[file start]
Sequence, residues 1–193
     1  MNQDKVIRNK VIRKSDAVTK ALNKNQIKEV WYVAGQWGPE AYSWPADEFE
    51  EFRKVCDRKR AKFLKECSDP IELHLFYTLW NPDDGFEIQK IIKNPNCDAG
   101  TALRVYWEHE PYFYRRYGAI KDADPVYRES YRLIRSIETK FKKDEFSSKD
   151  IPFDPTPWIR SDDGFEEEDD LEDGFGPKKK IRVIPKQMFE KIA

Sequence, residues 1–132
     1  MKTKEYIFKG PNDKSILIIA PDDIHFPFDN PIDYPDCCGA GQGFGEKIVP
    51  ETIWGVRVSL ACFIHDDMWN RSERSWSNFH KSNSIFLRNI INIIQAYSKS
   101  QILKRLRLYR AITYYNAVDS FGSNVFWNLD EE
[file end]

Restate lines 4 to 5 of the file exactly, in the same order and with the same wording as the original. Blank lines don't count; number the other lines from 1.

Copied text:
   101  TALRVYWEHE PYFYRRYGAI KDADPVYRES YRLIRSIETK FKKDEFSSKD
   151  IPFDPTPWIR SDDGFEEEDD LEDGFGPKKK IRVIPKQMFE KIA